Another wholesome take on experimental
On August 10, El Ten Eleven made their return with Banker’s Hill. Comprised of just two extremely talented individuals, Kristian Dunn on guitar and bass and Tim Fogarty on drums, El Ten Eleven have consistently wowed new and old fans alike by creating intricately written and performed songs as a duo. With the clever use of multiple looping pedals and a double neck guitar, El Ten Eleven are able to experiment with unconventional sound textures and hypnotizing melodies.
Though El Ten Eleven drew heads with their surprisingly small lineup of members for the release of their self-titled debut, they continue to impress with projects like These Promises Are Being Videotaped and Transitions. In 2017, they teamed up with Emile Mosseri to create Unusable Love, their first ever vocal collaboration. Their latest release seems to reflect a continuation of this newfound openness to collaborate; they opened their doors for the very first time to an outside producer, Sonny DiPerri. Though fans may have been concerned of significant stylistic changes, Banker’s Hill remains as consistently solid as the rest of El Ten Eleven’s discography.
The album opens up with “Three and a Half High and Rising,” a jovial track filled with upbeat basslines and twinkling synths. When combined with the bouncy drums, the track opens up Banker’s Hill with an incredibly danceable moment of what seems like pure fun. Though the track is lighthearted, the electric guitars are anything but. Full of vigor, they amp up the intensity in a way that adds to the joyfulness of the song. These same guitars also strip and slow down into a gentle melody that soothes rather than riles up. Joined with the same twinkling synths from before, “Three and a Half High and Rising” is full of calculated twists and turns that explore the different ways to express and experience happiness.
This kind of infectious positivity can be found throughout Banker’s Hill, but it is nowhere more present than on “You Are Enough.” Starting with an almost R&B drum beat, “You Are Enough” takes its time to build up. It is joined by soft guitar melodies and electronic chirps and slides, creating a whimsical tone often unseen in experimental music. A unique bassline and smashing electric guitars create a gorgeous compliment to the softness of the previous melody. After a few moments of electronic melodies, the song breaks down into a light acoustic guitar melody whose elegance shines through its simplicity. With this, it brings the high down to a comforting lullaby, which eventually fades into ambient rumblings. Marked with brightly sharp electric guitar tones that splash into the forefront, the acoustic guitar takes on this same melody. Soon it explodes into an upbeat melody paired with those wonderful sliding synths. Paired with the heartwarming title, the song truly seems like a musical representation of unabashed self-acceptance and the joy that comes with such inner peace.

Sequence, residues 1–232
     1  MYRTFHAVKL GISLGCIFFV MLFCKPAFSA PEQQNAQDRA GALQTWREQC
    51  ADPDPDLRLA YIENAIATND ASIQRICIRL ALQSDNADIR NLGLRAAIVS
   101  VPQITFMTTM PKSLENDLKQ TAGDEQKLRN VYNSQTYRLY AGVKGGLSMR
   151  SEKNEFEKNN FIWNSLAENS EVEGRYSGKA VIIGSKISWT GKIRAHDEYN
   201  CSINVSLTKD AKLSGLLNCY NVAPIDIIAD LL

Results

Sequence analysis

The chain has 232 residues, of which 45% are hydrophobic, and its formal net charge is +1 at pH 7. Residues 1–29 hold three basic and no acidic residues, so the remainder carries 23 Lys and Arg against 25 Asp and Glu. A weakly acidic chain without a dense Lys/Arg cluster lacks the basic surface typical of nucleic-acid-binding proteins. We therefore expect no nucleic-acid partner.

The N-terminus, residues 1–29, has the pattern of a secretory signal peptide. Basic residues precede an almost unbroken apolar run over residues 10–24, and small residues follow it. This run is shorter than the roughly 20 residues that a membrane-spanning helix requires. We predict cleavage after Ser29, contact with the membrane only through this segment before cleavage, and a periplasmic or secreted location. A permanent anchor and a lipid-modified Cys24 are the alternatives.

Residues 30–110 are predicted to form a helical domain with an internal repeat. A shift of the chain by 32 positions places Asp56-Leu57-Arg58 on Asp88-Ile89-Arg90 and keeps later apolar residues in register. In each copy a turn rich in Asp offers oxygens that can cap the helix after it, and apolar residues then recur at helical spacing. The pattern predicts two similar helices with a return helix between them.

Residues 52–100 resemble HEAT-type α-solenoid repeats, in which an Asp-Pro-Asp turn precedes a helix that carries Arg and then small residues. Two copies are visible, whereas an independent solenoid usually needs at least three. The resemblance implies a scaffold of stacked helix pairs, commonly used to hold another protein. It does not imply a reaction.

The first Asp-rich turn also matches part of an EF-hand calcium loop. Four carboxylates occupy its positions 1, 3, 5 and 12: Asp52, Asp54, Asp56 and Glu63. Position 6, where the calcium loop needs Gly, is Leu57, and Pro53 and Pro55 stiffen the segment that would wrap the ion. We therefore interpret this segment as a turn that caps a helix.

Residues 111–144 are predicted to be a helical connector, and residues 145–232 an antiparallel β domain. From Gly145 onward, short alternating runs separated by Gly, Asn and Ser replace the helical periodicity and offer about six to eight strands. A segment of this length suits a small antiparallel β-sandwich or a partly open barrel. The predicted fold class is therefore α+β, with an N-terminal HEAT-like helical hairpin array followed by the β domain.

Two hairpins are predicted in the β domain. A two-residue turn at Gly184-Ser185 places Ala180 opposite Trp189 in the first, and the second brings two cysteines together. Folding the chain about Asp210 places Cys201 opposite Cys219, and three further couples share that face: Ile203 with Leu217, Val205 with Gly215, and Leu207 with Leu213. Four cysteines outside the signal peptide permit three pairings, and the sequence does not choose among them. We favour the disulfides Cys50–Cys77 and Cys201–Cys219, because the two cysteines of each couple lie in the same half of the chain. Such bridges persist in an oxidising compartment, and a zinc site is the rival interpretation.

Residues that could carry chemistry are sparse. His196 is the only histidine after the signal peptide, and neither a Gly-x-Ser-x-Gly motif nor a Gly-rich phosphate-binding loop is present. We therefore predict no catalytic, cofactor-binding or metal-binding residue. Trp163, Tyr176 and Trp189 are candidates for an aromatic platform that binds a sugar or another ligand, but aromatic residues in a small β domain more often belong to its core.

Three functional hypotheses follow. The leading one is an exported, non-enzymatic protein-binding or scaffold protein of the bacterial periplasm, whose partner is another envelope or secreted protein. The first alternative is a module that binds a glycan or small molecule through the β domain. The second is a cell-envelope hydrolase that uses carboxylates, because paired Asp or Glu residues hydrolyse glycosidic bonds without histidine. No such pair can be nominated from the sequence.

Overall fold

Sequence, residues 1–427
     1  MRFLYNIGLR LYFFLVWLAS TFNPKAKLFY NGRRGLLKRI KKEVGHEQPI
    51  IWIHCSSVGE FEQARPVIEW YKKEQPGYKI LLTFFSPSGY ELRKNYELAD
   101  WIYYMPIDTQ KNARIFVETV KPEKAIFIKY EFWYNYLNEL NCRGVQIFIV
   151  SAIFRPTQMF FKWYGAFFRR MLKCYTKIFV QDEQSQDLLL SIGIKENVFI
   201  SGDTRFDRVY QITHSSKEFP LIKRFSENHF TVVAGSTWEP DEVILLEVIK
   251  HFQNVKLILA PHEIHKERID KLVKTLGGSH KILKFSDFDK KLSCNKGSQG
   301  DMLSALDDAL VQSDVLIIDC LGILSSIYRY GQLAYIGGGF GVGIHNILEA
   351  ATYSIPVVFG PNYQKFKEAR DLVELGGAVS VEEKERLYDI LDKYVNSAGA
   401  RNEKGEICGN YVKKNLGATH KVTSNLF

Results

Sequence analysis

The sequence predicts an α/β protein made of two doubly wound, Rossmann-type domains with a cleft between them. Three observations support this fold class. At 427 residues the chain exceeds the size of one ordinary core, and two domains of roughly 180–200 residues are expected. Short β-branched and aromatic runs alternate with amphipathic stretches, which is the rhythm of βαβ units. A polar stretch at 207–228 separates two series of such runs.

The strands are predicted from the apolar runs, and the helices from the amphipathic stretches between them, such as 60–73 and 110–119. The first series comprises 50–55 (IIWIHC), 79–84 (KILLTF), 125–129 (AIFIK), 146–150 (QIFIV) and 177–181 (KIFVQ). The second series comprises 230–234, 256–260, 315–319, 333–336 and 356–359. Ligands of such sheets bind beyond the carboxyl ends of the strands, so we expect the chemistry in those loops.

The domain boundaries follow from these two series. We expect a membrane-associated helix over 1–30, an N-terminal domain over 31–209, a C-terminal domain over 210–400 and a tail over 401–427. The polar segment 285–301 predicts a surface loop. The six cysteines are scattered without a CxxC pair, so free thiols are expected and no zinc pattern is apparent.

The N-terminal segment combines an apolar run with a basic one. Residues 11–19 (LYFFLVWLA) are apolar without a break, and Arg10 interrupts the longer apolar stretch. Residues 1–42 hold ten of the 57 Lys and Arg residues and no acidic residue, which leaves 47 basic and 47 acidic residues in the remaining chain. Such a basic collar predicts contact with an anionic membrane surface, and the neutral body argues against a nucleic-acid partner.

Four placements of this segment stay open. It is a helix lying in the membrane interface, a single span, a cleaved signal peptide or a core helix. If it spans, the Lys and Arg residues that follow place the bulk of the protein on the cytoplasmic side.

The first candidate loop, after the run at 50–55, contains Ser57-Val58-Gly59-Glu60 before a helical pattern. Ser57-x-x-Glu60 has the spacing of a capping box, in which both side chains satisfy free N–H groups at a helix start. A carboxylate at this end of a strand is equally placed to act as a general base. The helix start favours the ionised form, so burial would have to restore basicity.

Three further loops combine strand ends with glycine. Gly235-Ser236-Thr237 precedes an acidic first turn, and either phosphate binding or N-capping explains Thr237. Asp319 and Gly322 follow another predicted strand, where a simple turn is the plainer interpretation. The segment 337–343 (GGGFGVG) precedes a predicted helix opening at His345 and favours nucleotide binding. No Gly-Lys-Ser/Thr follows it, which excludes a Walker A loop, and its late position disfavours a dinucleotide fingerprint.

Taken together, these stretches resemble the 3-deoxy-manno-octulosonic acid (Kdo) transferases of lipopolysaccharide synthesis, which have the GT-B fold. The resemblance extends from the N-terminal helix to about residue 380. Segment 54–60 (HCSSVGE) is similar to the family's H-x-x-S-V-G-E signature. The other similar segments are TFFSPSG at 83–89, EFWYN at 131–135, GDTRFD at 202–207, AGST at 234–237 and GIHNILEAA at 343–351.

Though Banker’s Hill is filled with similarly uplifting soundbites, “This Morning with Her, Having Coffee” captures a different type of happiness. With ambient tones and steady drums, it starts off and stays relatively mellow throughout. Gentle guitar riffs and looped chords slowly pile onto each other before being swept away for different melodies. The boisterous guitars of “Three and a Half and Rising” or the electronica of “Phenomenal Problems” and “Reverie” are present but take a decided back seat to the relaxed melodies in “This Morning with Her, Having Coffee.” Everything is pleasantly cyclical, perhaps emulating the comforting routines and rituals that are shared with loved ones as the title suggests. Though much of Banker’s Hill revolves around one’s own relationship with positivity, the album closes with a much more shared experience.
El Ten Eleven’s most recent project brings back what they do best–much needed uplifting tunes in an otherwise bleak experimental genre. They apply the same techniques and auditory curiosity that many avant-garde rock groups use to create something on the opposite side of the spectrum. Banker’s Hill is another testament from El Ten Eleven to the diversity that experimental music can capture. Using meditative repetition and unique textures, they innovated and created yet another optimistic oasis, much needed in the dubious and rocky times of today.